Playing Unborn children for sale in S Korea
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The illegal sale of children makes up more than half of all the cases of human trafficking around the world, according to recent estimates.
Traditionally it has involved the exploitation of children in poorer nations, but an Al Jazeera investigation has found that it is also happening in developed countries, such as South Korea.
For four months, Al Jazeera surfed community boards on popular Korean internet sites, and found an underground trade where pregnant women can sell their unborn children.
The few cases that have surfaced have alarmed the government so much that it is believed to have formed a special task force to bring human-trafficking laws up to date, Al Jazeera's Steve Chao says.
One of the challenges is how to give authorities the power to better police the murky world of the internet.
Twenty years ago the United Nations adopted the Convention of the Rights of the Child. The CRC or UNCRC, sets out the civil, political, economic, social and cultural rights of children.
As of December 2008, 193 signatories had ratified it, including every member of the UN except the US and Somalia.
The treaty restricts the involvement of children in military conflicts and prohibits the sale of children, child prostitution and child pornography.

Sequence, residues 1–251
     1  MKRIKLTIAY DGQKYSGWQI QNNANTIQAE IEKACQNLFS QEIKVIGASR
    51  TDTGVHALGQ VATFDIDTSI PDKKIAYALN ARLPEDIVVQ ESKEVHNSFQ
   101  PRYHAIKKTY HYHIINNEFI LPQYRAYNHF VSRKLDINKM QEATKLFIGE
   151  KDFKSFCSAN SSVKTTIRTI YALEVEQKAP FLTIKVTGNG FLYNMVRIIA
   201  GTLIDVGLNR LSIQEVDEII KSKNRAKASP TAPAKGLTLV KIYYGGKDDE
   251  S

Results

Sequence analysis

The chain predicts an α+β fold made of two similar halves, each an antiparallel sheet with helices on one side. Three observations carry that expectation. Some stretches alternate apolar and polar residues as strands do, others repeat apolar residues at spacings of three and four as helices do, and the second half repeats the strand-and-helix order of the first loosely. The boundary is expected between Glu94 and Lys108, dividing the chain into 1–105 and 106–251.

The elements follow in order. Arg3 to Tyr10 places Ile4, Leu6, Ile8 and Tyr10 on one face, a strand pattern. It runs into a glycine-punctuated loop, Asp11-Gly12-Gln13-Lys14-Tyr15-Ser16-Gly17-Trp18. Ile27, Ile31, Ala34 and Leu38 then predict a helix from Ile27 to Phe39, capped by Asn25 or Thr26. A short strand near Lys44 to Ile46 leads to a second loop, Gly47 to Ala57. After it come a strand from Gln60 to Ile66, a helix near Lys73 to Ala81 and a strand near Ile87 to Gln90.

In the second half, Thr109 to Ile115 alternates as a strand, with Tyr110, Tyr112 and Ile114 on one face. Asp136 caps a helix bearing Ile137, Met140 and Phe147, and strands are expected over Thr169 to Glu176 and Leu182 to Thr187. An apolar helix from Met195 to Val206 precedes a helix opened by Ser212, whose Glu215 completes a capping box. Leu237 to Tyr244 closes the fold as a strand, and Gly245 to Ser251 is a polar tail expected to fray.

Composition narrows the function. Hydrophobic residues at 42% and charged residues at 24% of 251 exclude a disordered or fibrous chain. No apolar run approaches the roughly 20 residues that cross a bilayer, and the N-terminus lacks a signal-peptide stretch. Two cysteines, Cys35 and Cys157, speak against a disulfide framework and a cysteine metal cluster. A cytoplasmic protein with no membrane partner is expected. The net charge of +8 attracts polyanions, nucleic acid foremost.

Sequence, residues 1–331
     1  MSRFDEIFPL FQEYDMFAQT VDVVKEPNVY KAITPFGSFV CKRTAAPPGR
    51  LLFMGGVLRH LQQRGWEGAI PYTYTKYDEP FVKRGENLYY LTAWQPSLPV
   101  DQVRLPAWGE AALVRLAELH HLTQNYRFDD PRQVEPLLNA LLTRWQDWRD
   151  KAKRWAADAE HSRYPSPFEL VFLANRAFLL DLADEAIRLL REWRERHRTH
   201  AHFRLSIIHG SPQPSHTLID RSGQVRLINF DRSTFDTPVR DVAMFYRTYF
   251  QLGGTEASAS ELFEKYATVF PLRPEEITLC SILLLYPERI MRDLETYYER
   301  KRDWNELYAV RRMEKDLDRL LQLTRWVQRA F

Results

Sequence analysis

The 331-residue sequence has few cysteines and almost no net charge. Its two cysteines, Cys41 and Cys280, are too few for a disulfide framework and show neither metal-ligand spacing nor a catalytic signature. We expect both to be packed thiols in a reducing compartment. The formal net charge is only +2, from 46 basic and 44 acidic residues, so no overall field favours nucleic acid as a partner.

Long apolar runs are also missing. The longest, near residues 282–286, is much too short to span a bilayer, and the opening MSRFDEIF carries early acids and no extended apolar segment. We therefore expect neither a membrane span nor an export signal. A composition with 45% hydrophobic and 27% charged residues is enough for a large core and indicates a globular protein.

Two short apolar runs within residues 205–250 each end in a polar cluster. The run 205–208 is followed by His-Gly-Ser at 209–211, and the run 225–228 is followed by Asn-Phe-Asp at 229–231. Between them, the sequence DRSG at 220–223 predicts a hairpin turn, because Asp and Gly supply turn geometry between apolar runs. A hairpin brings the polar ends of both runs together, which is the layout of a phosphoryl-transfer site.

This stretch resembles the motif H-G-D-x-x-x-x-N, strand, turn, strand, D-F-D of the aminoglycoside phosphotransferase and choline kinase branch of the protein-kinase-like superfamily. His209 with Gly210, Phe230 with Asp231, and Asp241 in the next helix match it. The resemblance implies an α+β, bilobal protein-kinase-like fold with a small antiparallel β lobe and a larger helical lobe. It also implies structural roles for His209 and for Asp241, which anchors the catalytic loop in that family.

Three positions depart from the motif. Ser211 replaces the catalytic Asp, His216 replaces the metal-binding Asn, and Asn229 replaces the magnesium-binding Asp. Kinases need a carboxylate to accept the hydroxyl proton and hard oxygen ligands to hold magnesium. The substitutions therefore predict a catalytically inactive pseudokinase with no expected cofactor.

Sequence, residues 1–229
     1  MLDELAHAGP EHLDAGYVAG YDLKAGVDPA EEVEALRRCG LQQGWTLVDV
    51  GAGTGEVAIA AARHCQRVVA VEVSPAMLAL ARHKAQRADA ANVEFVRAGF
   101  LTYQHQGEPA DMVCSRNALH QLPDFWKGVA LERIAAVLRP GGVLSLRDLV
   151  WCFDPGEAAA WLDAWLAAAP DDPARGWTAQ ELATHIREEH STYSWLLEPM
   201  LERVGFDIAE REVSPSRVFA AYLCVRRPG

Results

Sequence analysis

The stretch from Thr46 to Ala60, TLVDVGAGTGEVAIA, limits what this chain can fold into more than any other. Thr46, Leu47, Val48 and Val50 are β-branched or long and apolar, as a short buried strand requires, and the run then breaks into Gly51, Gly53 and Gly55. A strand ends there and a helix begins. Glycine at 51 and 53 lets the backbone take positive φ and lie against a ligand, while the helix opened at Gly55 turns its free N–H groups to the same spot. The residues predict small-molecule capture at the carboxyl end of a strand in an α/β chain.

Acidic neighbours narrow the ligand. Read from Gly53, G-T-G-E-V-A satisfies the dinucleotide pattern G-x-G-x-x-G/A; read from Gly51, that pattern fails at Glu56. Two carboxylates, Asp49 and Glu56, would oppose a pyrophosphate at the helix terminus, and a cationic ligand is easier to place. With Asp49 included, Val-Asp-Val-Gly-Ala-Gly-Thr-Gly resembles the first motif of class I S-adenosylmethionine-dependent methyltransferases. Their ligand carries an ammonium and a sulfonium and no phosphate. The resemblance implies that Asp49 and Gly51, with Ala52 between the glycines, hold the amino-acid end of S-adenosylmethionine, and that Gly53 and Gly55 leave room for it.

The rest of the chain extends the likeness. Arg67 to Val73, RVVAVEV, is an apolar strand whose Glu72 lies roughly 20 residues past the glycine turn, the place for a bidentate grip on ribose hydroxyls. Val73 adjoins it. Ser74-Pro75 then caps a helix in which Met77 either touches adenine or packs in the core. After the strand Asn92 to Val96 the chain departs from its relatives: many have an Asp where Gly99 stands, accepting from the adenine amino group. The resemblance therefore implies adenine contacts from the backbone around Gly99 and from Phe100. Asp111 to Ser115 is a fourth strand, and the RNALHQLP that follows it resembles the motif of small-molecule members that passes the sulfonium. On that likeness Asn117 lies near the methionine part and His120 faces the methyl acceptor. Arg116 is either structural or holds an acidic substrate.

The UNCRC has been used as a blueprint for child protection legislation around the world.
However, the treaty's promise to protect children has not always been kept.
Onus on government
Lisa Laumann, from the Save the Children charity, says it is up to both the government and the community to protect children.
"Intergovernmental organisations like the United Nations provide the framework around which governments can come together to agree on what good practice is and how governments should behave legally on behalf of their citizens," she told Al Jazeera.
"But it's up to the governments themselves to draft that legislation, develop the systems and institutions that guarantee those rights.
"There also has to be an effort made to help communities, families and children themselves, to understand what rights mean for them and how they can support them."